Peter Hannam: As many as 140 million people in Bangladesh may be at risk from a huge earthquake as pressure builds beneath the surface of one of the world’s most densely populated nations, US and Bangladeshi scientists say.
Sediment flows from the Ganges and Brahmaputra rivers have layered parts of the country with as much as 20 kilometres of sand and mud, masking until now the extension of the same fault line that triggered the 2004 Sumatra tsunami and killed 230,000 people.
“The fault is entirely in the sub-surface,” said Michael Steckler, a geophysicist at Columbia University’s Lamont-Doherty Earth Observatory and lead author of a paper published this week in Nature Geoscience. “It’s been suspected but we haven’t had the data to prove that [the pressure] is actually been building up.”
Data collected since 2004 by Professor Steckler’s team has found that a juncture between major tectonic plates in the region is locked and loading up with stress.
Measurements found convergence of tectonic plates at the rate of 13-17 mm per year “on an active, shallowly dipping and locked megathrust fault”, the paper said.
That build-up has the potential to trigger major shifts in land and also an earthquake with a magnitude of between 8.2 and 9.
“We can see the strain building up, we can see the motion of the plates but we can’t estimate when something might happen,” Professor Steckler told Fairfax Media, adding that the build-up had been going on for at least 400 years and perhaps as long as 2000.
“It would certainly be one of the largest [recorded quakes],” he said. “I suspect it might be at the lower end [of the 8.2-9 scale], but I can’t rule out a really large one.”
(See chart below showing the Indian Plate colliding with the Eurasian Plate that has created the Himalayas and triggered major recorded earthquakes. The Burma or Sunda Plate is also shifting westwards into Bangladesh.)
Scientists can’t tell when the next major quake will strike nor where the rupture in the fault will be the most severe. However, Bangladeshi’s location mostly on the river delta of the giant Ganges-Brahmaputra Delta makes the bulk of its 160 million population particularly vulnerable, should a large one occur.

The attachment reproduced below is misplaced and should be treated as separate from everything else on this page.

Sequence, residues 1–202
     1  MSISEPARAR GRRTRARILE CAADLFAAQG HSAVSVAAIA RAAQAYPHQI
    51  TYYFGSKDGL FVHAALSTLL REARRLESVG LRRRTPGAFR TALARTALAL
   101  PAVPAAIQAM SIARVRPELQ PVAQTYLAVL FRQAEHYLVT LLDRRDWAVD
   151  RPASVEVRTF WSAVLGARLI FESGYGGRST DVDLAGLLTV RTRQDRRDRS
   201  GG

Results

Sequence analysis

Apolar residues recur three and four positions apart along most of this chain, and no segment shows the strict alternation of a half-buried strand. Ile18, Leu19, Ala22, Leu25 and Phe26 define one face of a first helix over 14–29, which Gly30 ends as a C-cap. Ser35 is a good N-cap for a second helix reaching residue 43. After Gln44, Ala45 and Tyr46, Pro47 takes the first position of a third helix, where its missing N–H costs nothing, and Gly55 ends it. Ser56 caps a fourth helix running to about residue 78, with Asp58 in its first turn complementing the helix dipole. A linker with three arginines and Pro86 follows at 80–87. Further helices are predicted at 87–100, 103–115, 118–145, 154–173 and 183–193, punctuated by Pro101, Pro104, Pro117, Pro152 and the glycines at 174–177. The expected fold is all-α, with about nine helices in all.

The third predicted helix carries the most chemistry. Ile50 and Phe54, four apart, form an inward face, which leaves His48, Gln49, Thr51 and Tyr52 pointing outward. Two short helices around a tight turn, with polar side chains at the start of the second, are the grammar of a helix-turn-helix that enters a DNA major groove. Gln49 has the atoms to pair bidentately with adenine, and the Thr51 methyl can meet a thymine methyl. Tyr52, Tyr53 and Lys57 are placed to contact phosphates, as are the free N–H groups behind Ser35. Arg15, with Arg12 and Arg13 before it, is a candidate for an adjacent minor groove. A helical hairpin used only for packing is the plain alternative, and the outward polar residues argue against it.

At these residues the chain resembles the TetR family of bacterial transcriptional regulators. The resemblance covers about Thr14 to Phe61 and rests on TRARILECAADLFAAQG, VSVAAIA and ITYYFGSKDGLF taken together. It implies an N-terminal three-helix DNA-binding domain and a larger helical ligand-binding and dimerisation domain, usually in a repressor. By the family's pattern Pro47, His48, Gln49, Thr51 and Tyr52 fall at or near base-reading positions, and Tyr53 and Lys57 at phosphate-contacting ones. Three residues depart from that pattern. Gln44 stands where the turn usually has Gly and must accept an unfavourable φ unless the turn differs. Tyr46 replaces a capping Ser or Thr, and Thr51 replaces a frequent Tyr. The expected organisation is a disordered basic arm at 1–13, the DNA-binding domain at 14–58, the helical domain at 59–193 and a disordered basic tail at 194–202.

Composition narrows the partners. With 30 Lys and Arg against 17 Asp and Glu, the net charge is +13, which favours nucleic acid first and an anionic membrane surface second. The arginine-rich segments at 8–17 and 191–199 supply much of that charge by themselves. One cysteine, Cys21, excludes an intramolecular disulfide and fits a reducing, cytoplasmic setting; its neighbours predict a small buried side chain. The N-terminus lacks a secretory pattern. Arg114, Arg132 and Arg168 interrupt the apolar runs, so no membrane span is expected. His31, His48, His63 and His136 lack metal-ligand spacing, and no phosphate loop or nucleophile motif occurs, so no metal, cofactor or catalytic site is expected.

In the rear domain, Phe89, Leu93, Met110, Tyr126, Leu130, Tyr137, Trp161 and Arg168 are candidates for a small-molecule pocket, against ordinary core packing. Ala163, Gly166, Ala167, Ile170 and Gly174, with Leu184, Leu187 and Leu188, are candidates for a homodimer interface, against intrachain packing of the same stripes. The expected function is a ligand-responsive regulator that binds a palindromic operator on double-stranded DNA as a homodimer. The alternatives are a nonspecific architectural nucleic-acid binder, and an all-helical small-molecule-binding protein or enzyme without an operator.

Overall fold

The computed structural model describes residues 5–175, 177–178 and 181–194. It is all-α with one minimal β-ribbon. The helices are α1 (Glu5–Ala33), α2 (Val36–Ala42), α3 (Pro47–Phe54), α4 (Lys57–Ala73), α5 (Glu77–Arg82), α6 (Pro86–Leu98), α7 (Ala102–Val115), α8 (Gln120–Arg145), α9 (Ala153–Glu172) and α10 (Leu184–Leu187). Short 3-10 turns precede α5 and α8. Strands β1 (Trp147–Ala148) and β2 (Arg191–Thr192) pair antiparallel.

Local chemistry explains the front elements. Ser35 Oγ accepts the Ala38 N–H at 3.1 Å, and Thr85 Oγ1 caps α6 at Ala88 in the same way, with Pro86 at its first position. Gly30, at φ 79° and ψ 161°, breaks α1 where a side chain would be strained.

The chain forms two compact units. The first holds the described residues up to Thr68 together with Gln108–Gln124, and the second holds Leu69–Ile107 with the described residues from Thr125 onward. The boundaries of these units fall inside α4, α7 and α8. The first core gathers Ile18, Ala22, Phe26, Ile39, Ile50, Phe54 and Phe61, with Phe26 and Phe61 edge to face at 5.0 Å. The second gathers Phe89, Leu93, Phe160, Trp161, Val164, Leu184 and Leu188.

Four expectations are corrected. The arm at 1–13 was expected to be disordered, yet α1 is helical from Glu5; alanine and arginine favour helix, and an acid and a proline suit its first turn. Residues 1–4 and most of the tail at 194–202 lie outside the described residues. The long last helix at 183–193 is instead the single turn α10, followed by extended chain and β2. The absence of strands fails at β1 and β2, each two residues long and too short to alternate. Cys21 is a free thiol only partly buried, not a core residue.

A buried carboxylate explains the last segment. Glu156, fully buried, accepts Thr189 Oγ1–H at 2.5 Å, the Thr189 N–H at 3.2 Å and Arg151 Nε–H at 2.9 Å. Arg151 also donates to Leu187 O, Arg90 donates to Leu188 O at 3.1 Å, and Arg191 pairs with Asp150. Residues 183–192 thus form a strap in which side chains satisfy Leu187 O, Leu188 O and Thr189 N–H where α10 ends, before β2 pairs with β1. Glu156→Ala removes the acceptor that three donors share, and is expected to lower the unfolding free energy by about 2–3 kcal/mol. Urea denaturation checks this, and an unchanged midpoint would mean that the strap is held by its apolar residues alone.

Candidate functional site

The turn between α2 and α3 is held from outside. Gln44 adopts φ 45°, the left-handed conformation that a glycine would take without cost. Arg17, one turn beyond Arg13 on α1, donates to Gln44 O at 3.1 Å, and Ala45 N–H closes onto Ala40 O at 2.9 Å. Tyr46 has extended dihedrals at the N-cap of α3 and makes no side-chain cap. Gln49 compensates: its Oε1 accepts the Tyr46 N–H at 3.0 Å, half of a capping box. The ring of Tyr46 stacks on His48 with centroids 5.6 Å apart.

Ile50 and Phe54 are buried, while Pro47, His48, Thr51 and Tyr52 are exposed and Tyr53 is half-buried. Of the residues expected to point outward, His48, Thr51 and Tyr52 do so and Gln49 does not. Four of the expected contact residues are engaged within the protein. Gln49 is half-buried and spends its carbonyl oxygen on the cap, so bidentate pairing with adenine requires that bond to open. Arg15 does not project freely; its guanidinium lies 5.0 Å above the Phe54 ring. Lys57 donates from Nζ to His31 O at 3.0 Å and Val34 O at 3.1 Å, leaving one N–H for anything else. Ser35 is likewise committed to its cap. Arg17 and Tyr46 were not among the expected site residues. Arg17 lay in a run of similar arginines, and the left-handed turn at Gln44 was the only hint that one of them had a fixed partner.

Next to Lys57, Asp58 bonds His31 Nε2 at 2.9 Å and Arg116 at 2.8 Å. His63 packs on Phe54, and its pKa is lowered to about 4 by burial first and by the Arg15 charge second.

Professor Steckler said a 250 kilometre by 250 kilometre region – including the capital, Dhaka, a megacity with a population of 15 million – is of significant risk.
This area (see chart below) is home to about 140 million people, and sits atop deep sediment that could liquefy in many places in the advent of a big quake. Whole buildings and infrastructure could sink into the sand and soil.
Buildings might “not even break, but literally fall over because the soil loses solidity”, he said.
Dhaka’s streets, which already experience traffic that “can be really terrible in normal times”, could quickly become impassable. “Getting emergency services, foods and water to people is going to be a nightmare,” Professor Steckler said.
Syed Humayun Akhter, from Dhaka University, said the capital could become “totally a dead city … it will be really devastating”.
“All the natural gas fields, heavy industries and electric power plants are located close to potential earthquakes, and they are likely to be destroyed,” Dr Akhter said. “In Dhaka, the catastrophic picture will be beyond our imagination, and could even lead to abandonment of the city.”
The warning extends not just to Bangladesh but also to Aizawl, the capital of India’s Mizoram state to the north-east, which could be subject to landslides in a major quake, Professor Steckler said.
Another risk is that the rivers themselves could change course, adding to the misery of those affected by the quake.
“If the ground moves by 10 metres, it’s entirely possible to get one to two metres of uplift [of land],” Professor Steckler said. “That can be enough to really rearrange the rivers” – as has happened in the past.
Authorities can reduce the future impact of a big quake by tightening building codes – only introduced in 1993 – and enforcing them, he said.